If a police officer breaks ranks with other officers by actually protecting and serving the public, caring about the law, he can get felony arrested and his sons can be hauled out of his house to be beaten at the State Police HQ. For police to retaliate against police who break ranks, the courts ALSO, have to be rigged. [story]
Judicial Branch employees can blow the whistle on judges and judicial managers rigging cases, racketeering, obstructing justice, nepotism, bid rigging, the altering of court hard drives, retaliation, and felonies committed. The "public comment" will then be sealed and the "mouthy" employees will be retaliated against. [CT Judicial Branch whistle blower video]
Every citizen who I know who has proposed Civilian Oversight of Police has been terrorized out of the state, into silence, and/or is falsely arrested and imprisoned. Richard "Ritt" Goldstein proposed Civilian Oversight of Police to the Connecticut Judiciary Committee assembling international experts on the subject and victims of Connecticut State Police misconduct and brutality. Ritt fled to Sweden seeking political asylum, so terrorized by police after making [this video].
Police use state registered confidential informants to kill, beat up, and terrorize citizens making misconduct complaints. [video of an informant under oath]
The police misconduct only gets worse with each passing year. There is more technology, more money, more of them, and less and less oversight and accountability. We have "Black Water"-style policing inside the US. God help us all ...
My beefs can be found in "Faces of a Police State".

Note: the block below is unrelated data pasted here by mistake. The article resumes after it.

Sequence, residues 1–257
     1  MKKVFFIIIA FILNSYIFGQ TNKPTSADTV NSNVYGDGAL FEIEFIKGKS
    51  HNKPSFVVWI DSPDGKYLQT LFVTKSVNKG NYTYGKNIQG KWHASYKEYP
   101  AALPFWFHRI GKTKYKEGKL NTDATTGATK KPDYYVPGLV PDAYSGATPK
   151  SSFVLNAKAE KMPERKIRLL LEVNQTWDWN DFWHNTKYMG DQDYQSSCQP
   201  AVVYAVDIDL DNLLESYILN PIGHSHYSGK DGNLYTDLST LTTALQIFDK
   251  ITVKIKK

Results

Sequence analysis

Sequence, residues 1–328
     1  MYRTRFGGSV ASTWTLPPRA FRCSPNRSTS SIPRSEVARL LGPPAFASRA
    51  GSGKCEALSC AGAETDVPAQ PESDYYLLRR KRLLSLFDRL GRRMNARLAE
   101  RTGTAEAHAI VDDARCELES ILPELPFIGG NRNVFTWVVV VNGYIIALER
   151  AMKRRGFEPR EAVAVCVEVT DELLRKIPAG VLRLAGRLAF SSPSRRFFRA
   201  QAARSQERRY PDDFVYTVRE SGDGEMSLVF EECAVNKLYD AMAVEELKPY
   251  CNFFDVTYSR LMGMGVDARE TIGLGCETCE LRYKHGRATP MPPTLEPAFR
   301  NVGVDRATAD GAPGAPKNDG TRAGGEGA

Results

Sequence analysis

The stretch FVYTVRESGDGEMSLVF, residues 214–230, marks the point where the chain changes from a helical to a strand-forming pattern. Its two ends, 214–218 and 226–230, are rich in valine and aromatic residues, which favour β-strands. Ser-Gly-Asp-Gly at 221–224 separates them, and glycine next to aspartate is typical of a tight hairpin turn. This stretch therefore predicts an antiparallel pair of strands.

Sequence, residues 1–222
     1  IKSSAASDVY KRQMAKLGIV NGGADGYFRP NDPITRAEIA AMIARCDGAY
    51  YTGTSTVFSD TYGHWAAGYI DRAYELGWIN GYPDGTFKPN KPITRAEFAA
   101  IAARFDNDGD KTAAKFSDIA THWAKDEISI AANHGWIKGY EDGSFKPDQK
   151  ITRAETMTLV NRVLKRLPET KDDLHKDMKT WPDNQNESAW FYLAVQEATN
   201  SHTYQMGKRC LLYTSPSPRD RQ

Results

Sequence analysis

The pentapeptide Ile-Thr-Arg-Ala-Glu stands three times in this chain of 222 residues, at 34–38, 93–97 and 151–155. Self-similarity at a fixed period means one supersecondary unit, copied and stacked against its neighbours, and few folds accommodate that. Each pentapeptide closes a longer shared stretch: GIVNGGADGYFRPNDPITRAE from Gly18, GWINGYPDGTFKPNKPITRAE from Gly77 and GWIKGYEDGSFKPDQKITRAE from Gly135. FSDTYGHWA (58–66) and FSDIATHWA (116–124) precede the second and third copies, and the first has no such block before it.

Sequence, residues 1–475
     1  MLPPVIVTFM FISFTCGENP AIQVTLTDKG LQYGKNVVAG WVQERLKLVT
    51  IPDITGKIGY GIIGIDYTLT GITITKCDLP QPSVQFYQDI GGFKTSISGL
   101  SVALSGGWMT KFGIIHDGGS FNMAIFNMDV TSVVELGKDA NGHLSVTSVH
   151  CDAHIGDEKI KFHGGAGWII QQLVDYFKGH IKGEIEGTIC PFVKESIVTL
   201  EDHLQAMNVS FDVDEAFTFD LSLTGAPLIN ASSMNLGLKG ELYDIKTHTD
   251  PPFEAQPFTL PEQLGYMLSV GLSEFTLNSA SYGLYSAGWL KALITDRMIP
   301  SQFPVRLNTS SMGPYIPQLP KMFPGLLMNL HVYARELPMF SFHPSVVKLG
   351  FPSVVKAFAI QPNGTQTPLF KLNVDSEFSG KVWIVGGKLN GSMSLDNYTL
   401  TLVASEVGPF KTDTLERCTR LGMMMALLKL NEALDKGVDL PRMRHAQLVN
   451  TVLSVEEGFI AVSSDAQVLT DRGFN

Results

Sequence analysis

-Steven G. Erickson
Take action -- click here to contact your local newspaper or congress people:
[pass Private Atty Gen. bill in US Judiciary Cmmt]
I am a freelance cameraman, documentary producer, screenwriter, sometimes journalist, and can and will travel anywhere if the terms are right.
The above re-posted [from here]
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Are Connecticut officers too busy sleeping with prostitutes, organizing criminal gangs, and breaking laws to protect and serve the public. The below video shows all too typical behavior of Connecticut Police Officers. Many continue to cover for each other, and less than 1% of police misconduct complaints in the state of Connecticut actually get investigated.
[CT] Officer Durgin abused database, other crimes - fired
Do you want to score heroin or crack cocaine, find a prostitute, do you want to have someone killed or beaten up? Well, in Connecticut, your needs are close and easy, just having cash on you, and knowing which cop to ask and there you go.
Tuesday, March 13, 2007
Do you want to score drugs?
Lt. William White (Photo: New Haven Register)
Well, Connecticut cops might have the strongest drugs at the best prices. Want to score "jail bait"? Again you might want to ask a Connecticut Police Officer. There are a greater percentage of good officers, why are they so often silent?
New Haven police officers arrested
(New Haven-WTNH) _ At least five people, including two New Haven police officers, were arrested Tuesday. The charges include conspiracy and theft of government funds, and bribery.